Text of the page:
“Hmmm, I think I’ve heard of that,” he says. “What do you think, Aunt Sara? Do you believe it?”

“I don’t know what to believe,” I say. “Sometimes I feel like I’ve been here before, but mostly I just enjoy the questions. I like wondering about it, more than anything. I like the mystery of it, you know?”

“Yeah,” he says.

Later on the hike, Mason requests that I ask him questions. He likes it when I ask him, “If you could…” questions, like, “If you could have any superpower, what would it be?”  His answer is, “To live forever.”

I try another question. “If you could come back as anyone, at any time in history, and live their life, who would you want to come back as?”

He gets quiet for a few minutes, thinking.  Then he says, “I bet you know who I’d pick. Take a guess.”

I don’t know. I think of the president, or wealthy people, or famous athletes, but none of these feel right. Then, it hits me. “Yourself?” I say, “you’d want to come back as you?”

“Yep!” he says cheerfully, and offers no further explanation.

I’m deeply touched.

“That’s cool,” I say, when I can find my words again. “You know what, Mason?  Me too.”

Mason is on the edge of pre-adolescence. His body is changing, and each day he speaks with more maturity, but he still retains much of his boyish innocence. Often during our hikes, he slips his smooth little hand in mine. We walk like this for awhile, sometimes miles. Teenage boys and their fathers who are definitely not holding hands cross our path, but Mason doesn’t let go. I wonder if it will ever be like this with him again, which makes our time together precious and beautiful indeed.

Mason sketching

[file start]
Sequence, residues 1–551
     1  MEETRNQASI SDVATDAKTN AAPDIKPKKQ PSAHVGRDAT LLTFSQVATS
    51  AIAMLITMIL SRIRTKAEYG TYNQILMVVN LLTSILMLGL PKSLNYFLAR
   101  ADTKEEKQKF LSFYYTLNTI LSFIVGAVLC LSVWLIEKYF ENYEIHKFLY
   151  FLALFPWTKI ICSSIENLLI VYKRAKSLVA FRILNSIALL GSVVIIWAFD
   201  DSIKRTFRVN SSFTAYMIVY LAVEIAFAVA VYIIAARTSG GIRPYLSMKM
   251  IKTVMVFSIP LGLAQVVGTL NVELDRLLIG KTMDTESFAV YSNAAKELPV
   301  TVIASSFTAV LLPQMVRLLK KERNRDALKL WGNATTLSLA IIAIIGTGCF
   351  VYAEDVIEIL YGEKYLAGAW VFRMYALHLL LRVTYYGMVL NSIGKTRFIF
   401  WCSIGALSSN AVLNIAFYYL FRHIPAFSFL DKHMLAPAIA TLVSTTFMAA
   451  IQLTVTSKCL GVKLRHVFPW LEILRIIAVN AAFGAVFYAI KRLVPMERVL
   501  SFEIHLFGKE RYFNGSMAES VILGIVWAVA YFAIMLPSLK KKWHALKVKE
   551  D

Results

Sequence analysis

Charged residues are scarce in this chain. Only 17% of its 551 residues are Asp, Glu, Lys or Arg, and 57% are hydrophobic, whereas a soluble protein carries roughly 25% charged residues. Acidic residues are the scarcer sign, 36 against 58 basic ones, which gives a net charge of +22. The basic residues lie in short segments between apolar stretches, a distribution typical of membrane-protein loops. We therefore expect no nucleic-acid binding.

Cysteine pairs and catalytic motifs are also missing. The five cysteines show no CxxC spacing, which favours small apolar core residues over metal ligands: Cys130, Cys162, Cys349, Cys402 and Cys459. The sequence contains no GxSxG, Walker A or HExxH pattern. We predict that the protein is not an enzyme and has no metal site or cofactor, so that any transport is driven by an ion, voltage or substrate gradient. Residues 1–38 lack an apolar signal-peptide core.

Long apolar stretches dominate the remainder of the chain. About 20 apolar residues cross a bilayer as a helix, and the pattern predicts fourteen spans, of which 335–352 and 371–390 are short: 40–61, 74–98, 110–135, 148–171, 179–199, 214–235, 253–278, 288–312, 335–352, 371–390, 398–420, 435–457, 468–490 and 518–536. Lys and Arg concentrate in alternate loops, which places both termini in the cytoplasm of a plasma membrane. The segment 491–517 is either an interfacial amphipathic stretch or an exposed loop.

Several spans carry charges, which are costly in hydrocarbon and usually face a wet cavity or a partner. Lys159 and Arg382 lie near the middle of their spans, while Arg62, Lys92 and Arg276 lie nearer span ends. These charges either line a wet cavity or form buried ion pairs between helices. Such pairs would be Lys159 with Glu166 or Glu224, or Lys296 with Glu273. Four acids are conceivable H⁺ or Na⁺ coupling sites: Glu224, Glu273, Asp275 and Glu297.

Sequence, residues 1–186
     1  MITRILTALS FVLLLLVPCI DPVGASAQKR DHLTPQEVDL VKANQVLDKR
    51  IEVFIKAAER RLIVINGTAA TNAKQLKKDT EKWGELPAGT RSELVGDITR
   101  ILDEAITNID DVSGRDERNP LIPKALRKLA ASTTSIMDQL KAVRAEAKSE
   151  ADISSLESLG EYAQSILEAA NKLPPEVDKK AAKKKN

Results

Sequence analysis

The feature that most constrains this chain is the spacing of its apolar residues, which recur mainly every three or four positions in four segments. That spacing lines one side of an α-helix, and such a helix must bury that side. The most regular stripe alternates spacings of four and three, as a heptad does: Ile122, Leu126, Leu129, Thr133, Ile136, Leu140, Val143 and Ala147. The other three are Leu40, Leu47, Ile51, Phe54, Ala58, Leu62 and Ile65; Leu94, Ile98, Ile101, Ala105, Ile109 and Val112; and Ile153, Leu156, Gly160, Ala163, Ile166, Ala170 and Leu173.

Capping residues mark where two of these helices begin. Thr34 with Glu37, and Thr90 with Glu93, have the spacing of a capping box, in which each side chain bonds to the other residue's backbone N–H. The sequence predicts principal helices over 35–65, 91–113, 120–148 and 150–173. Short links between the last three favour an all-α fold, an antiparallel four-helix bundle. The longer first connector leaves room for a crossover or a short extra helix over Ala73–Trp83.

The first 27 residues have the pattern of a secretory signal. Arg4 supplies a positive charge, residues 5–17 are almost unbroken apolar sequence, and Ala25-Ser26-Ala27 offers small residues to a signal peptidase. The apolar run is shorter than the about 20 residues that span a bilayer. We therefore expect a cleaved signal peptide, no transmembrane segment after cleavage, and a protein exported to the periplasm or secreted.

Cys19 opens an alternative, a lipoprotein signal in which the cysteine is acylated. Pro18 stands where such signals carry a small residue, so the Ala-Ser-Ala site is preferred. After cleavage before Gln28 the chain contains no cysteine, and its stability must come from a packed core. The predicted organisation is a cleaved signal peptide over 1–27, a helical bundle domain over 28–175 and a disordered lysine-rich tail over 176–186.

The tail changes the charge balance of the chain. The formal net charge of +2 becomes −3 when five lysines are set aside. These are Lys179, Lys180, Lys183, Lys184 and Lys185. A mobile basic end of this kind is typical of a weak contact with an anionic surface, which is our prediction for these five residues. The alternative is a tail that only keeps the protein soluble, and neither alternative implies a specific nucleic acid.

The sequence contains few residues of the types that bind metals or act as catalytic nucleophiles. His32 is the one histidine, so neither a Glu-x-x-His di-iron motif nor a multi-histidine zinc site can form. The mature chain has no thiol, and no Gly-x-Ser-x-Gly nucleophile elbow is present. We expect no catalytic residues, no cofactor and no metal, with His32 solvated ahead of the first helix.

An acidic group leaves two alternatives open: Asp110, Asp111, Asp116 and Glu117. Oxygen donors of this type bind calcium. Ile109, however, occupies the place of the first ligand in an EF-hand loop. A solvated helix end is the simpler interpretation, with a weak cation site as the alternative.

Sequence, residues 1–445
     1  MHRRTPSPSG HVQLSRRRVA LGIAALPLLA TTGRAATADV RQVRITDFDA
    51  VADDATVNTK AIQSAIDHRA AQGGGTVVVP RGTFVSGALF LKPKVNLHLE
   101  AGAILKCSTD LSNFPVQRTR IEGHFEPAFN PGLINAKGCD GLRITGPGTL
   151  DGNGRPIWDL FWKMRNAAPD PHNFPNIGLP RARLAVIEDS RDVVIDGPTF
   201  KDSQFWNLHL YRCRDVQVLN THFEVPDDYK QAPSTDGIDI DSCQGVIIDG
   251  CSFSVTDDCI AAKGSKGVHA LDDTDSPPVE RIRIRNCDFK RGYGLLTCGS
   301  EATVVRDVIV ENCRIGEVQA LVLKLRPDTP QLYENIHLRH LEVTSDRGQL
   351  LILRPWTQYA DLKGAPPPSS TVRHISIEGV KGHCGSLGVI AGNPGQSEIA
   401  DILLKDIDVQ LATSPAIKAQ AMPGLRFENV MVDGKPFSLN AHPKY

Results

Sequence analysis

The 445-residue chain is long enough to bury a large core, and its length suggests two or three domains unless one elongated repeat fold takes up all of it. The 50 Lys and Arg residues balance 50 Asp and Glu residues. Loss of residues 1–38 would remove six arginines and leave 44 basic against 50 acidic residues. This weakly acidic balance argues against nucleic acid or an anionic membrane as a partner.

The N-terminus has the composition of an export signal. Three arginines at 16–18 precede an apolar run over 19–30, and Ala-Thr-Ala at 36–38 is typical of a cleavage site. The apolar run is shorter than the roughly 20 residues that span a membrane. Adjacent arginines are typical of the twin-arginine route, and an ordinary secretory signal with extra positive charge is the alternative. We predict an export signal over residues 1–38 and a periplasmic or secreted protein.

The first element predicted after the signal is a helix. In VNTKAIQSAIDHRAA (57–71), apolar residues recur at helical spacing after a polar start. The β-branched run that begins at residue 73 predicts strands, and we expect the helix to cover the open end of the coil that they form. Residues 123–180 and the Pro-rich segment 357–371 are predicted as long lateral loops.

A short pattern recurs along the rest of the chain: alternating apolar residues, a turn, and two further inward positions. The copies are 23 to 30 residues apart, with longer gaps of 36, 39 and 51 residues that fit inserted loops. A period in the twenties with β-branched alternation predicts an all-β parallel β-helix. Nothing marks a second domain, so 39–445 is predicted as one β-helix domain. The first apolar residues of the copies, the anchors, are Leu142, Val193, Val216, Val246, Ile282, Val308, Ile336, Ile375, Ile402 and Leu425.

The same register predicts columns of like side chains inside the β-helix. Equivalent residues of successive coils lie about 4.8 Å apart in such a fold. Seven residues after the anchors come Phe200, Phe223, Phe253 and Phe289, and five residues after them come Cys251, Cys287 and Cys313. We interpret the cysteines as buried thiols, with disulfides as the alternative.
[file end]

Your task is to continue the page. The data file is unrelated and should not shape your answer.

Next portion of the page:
I weave the car down a mountain road, my eyes alight with the scenery, big clouds atop bigger mountains. “Aunt Sara, you’re smiling again. You’re always smiling. Why do you smile so much?” Mason asks.

I am not aware of smiling.

“Because I’m happy,” I answer, realizing it’s true. “I know that life can be difficult, but I love being alive, Mason. I love that I get to be alive.”

We walk the same trails I walked when I was here alone last summer. As we walk, I catch glimpses of who I was last year, when I came to these woods falling deeply in love with the man I was sure I’d marry. Time passed; we parted. I loved him, and perhaps always will, but his heart never opened to reciprocate. Meanwhile, his eyes opened often towards women with bigger breasts, higher heels, shorter skirts, and far more make-up than I wore. It was necessary to let go.

Last summer, I struggled to be present in these woods. I just wanted to return to my lover’s arms and watch our life together unfold. But the path led somewhere else.

This summer, I walk comfortably in my body. I don’t have any romantic prospects or a single pair of high heels, but I’m fiercely in love with myself, these woods, and the ginger-haired boy who walks sometimes ahead of me, sometimes behind, and sometimes with his hand in mine.